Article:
The term “subsidy” as used in this argument can also refer to tax breaks, however. Such tax breaks may be available by industry, in which case they really do amount to a subsidy. However, they may also apply more generally, for example to all industry in a given city, province or country. In such a case, the purpose of the tax break may be to attract an industry that otherwise would locate elsewhere, or to encourage job creation, or both.
There are more subtle points to be made about how one measures subsidies, such as whether they ought to be measured as government expenditure or in terms of the economic effect on the targeted industry, how benchmarks in other industries ought to affect the measurement of effective subsidies, and whether maximum subsidies available to an industry reflect actual subsidies utilised. For a good academic overview of these questions The Tricky Art of Measuring Fossil Fuel Subsidies, a 2011 paper by Kenneth McKenzie and Jack Mintz of the School of Public Policy at the University of Calgary, is a great starting point.
For the purpose of this discussion, let’s not bicker that tax breaks available to anyone do not really count as a preferential subsidy for one competitor such as fossil fuels, and concede the greens the term “subsidy” in its broad interpretation, to mean all financial support from government, in all forms.
Second, we need to be clear about what we’re comparing. If subsidies are “way bigger” for fossil fuels, this may just be an artefact of the size of the fossil fuel industry compared to the renewables sector. Coal, according to the Shift Project Data Portal, accounts for 42% of the world’s electricity production. Gas comes second, with 21%, hydro with another 15%, and nuclear produces 12%. Wind falls under “other”, making up the remaining 9%. In the United States, the balance is more favourable to gas, but even further against renewables, according to the Energy Information Administration. There, coal and gas account for 37% and 30% respectively; nuclear and hydro make up 19% and 7%, with wind producing 3.5% of the remaining 5%. For interest’s sake, solar limps in dead last, with only 0.11% of the total energy produced.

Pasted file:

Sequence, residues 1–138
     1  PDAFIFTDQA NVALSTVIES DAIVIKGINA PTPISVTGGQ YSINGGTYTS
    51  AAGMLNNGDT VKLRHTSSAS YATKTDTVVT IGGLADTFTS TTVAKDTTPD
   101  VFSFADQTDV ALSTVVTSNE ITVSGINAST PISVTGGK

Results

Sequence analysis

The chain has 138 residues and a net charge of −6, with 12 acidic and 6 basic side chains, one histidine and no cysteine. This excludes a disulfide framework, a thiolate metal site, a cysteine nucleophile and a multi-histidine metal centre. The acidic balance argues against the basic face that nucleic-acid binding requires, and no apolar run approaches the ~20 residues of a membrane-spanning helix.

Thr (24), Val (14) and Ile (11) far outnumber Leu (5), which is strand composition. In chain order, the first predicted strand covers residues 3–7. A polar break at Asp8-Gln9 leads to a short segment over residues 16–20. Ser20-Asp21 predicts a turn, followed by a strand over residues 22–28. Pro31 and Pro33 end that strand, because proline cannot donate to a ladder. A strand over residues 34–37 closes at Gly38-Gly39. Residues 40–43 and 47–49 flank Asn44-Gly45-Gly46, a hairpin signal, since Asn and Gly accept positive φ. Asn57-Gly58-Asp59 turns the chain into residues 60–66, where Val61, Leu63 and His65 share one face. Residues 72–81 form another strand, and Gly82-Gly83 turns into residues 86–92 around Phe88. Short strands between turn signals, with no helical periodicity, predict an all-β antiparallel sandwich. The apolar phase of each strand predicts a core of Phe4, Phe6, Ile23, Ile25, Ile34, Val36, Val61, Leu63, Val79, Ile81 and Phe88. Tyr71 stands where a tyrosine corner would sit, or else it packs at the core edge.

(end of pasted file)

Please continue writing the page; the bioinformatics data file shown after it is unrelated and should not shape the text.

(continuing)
A small percentage on a large revenue base may indeed in nominal terms exceed a large percentage on less revenue. If this is the case, the obvious response would be that a higher subsidy per unit of energy produced (or a higher percentage of revenue) might support Sawyer’s argument, but since fossil fuels also account for the lion’s share of energy and revenue produced, a subsidy that is only higher in nominal (dollar) terms would in no way give it an unfair advantage over renewables.
So, what we need to show, if Sawyer is to be believed, is that the subsidy received by fossil fuels, usually coal, exceeds that offered to renewable energy, and particularly wind turbines in this case. If only the nominal amount available to coal is higher than the subsidies spent on renewables like wind, but the amount by revenue or by unit of power produced is lower, Sawyer would be guilty of disingenuity. If even the nominal amount is less, then Sawyer is lying in service to the wind lobby, which he represents.
To find out which it is – truth, spin or lies – let’s look at the numbers.
Conveniently, the Congressional Budget Office (CBO) in the United States has measured the cost of energy-related tax preference since 1977, and presented the results in a tidy little chart. In 2013, some 45% of the expenditure is earmarked for renewable power, with a further 29% going to energy efficiency. Only 20% is dedicated to fossil fuels, and 7% to nuclear energy.
This distribution was not always the case. Renewables got a huge boost in the closing years of the George W Bush presidency, and an even bigger windfall due to post-2008 stimulus funding under Barack Obama. The CBO also points out that the expiry of some temporary stimulus funds means it will not always remain so rosy for renewables.